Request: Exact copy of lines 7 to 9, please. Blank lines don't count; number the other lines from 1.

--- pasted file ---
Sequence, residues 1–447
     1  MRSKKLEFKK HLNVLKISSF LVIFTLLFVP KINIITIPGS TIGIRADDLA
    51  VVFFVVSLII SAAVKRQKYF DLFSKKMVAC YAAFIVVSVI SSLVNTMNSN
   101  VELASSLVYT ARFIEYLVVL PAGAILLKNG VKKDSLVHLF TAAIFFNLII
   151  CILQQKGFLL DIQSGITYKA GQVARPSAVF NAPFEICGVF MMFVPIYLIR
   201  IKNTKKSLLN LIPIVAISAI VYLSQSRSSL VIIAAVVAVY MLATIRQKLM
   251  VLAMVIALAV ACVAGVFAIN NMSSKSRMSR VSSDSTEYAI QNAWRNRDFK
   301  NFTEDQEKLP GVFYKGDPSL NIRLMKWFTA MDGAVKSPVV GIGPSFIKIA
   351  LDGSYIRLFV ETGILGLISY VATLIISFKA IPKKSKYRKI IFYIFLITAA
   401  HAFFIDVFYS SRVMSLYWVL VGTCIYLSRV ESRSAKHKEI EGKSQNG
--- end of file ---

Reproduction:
   251  VLAMVIALAV ACVAGVFAIN NMSSKSRMSR VSSDSTEYAI QNAWRNRDFK
   301  NFTEDQEKLP GVFYKGDPSL NIRLMKWFTA MDGAVKSPVV GIGPSFIKIA
   351  LDGSYIRLFV ETGILGLISY VATLIISFKA IPKKSKYRKI IFYIFLITAA